from the "retractors," women who have realized that their
memories of abuse were only products of their own imagination.
Pendergrast's account of this controversial subject is wide-ranging.
He covers everything from the nature of memory and hypnosis
to such related forms of sexual hysteria as the Salem Witch
Trials to this country's growing cult of victimization....
His strongest and most effective assaults are reserved for
the book The Courage to Heal, the bible of the repressed-memory
movement.... Pendergrast makes a strong case that what began
as a way to empower women has now victimized them, isolating
them from friends, families, and their true memories. This
is a book sure to spark a long-overdue debate, and it deserves
to be on library shelves, right beside The Courage to Heal.
Ilene Cooper, Booklist
- By far the most thorough journalism done on this issue
[the recovered memory debate] appears in Victims of
Katy Butler, Los Angeles Times
- Victims of Memory is...a comprehensive study
of a disturbing phenomenon which began to sweep the
U.S. in the mid-Eighties, reaching Britain in the
Sarah Strickland, The London Observer
- A much-acclaimed rebuttal to various bibles
of the recovered-memory movement.
Richard Marius, Harvard Magazine
- Victims of Memory traces the roots
of a phenomenon that exploded in the late
1980s and is now reaping a thunderous backlash....
Pendergrast explores a variety of contexts
for the phenomenon, from Freudian theory and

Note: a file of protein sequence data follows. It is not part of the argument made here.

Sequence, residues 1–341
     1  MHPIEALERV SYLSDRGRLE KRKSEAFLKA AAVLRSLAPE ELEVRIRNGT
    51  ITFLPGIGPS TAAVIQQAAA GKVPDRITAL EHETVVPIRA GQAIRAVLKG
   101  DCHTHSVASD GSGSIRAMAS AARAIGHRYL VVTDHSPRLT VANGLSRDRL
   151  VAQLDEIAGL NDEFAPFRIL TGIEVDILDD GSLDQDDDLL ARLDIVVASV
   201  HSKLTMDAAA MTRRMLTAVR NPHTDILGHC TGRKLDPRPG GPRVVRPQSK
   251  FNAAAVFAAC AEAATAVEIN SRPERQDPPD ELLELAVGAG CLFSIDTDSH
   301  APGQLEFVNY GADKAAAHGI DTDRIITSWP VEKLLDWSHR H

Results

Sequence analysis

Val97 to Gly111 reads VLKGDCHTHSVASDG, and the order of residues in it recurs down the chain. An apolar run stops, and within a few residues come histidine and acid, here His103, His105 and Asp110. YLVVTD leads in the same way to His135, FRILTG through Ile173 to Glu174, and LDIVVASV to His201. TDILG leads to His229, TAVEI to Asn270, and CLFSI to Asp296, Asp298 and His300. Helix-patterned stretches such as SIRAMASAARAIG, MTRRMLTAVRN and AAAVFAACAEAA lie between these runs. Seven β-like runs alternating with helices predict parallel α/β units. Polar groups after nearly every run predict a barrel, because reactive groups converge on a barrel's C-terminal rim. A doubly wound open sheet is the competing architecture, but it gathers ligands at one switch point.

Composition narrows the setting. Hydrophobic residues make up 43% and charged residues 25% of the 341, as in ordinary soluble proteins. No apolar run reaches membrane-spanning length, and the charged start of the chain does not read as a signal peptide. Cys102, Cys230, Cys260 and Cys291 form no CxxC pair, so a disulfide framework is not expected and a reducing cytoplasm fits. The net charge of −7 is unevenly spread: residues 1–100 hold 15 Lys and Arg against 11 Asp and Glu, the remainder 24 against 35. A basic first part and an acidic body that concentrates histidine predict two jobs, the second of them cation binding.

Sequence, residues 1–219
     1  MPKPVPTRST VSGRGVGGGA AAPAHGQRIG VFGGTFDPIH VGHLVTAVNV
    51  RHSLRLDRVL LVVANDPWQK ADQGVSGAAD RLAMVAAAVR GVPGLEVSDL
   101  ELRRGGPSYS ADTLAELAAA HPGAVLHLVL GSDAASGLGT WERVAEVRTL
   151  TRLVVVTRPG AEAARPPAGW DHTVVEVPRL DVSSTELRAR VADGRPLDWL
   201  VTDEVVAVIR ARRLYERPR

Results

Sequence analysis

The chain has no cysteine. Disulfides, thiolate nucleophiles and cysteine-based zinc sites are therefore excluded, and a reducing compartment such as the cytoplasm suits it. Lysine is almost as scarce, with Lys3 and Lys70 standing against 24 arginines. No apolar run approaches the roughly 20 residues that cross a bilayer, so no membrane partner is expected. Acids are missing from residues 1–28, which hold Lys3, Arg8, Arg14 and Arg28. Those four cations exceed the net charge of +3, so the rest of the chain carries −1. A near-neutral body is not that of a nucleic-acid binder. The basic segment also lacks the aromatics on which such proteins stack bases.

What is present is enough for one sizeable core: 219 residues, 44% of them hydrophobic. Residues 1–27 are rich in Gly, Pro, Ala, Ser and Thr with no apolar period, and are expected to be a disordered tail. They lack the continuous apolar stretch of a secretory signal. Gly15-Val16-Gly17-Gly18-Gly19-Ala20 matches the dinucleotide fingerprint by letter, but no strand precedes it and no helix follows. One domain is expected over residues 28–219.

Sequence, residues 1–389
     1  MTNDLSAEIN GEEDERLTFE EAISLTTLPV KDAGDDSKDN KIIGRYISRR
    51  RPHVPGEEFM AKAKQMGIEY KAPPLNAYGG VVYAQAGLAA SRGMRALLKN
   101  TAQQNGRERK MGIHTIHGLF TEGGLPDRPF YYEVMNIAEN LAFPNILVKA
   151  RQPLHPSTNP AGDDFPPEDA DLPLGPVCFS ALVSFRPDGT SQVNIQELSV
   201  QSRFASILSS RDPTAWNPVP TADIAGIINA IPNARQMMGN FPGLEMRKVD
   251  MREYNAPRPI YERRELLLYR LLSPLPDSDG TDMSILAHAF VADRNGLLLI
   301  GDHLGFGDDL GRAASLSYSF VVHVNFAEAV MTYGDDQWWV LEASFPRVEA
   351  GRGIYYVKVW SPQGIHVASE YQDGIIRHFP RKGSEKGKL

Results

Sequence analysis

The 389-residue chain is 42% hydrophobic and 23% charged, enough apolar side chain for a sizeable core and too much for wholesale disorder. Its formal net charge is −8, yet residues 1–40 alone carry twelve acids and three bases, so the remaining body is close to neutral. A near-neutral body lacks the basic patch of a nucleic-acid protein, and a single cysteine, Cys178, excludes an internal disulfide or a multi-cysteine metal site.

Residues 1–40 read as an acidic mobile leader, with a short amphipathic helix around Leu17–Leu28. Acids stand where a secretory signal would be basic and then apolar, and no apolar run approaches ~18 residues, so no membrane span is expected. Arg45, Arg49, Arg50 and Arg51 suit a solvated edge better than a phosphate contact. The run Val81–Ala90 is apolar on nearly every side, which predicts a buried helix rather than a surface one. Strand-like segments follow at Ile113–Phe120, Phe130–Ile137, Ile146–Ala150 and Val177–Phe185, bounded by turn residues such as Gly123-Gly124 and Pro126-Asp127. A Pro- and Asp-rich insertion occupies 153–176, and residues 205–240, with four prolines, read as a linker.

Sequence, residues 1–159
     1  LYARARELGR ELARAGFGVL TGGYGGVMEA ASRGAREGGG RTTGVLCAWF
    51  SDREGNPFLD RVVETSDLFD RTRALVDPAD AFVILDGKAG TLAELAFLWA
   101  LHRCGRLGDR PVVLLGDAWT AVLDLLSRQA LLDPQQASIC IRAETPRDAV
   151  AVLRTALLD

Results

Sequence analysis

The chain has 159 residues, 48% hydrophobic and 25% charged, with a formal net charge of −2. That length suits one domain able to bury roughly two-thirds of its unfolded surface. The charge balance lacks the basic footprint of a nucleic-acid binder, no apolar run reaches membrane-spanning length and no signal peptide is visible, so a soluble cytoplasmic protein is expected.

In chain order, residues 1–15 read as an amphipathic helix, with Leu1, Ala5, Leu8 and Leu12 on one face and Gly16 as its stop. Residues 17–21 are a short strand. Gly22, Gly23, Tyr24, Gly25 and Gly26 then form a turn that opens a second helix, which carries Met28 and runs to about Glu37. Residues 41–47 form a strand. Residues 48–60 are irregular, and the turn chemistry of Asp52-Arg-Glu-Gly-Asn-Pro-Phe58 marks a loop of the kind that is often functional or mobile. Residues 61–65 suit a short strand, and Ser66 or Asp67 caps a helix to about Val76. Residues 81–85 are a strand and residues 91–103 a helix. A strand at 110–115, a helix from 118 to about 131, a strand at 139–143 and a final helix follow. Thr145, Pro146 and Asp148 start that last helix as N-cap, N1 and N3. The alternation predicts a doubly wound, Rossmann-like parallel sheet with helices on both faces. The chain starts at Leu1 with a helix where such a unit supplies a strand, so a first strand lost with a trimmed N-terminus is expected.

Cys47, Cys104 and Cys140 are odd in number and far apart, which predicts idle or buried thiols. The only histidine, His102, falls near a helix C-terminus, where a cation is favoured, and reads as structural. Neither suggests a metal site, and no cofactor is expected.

witchcraft hysteria to fundamentalist religion
and the modern feminist movement. Informing
Pendergrast's book is a deep sense of social
Joseph P. Kahn, The Boston Globe
Contact information for Mark PendergrastTo visit Mark Pendergrast's personal Web site, Click Here.
The site should contain current contact information, as well as descriptions of his other books. Any journalist who has difficulty reaching him for an interview should call Upper Access at (802)482-2988 or e-mail us .
Sample questions for journalists and talk-show hosts, on the topic of recovered memories
- What exactly is recovered memory therapy? What is the theory
- I gather that Freud is not one of your heroes. Can you
talk about his theories and his influence?
- Why would someone want to believe something so terrible
about their parents if there was no basis to it at all?
Where there's smoke, isn't there usually fire?
- You have lost all contact with your own children
because of recovered memory therapy. Because you
are so personally involved, have you had people
question your conclusions? Can you tell us about
what happened in your case?
- Why would these therapists try to convince
their clients of something so horrible? Are
they sick or evil?
- Do you think that anyone's memory could
- Are certain personality types more
susceptible to false memories than others?
- Is recovered memory therapy a
form of brain-washing?
- You compare this kind of therapy
to a cult. Why?
- Are you against all therapy?
- Can you explain what
methods lead to false
dream analysis, "body
- Are you saying
that hypnosis doesn't
dredge up real memories
from you subconscious?
- How does memory
Is it like a
you punch the
and the memory
- A lot
- You compare the hunt for alleged perverts in the late 20th century to the Salem Witch Hunt of the late 17th century. Why?
- You compare the hunt for alleged sex perverts in the late 20th century to the Salem Witch Hunt of the late 17th century. Why?
Catalog listings of Mark Pendergrast's BooksFor the complete listing of information about Pendergrast's book Victims of Memory: Sex Abuse Accusations and Shattered Lives, Click Here
For the complete listing of information about his book Mirror Mirror: A History of the Human Love Affair with Reflection, Click Here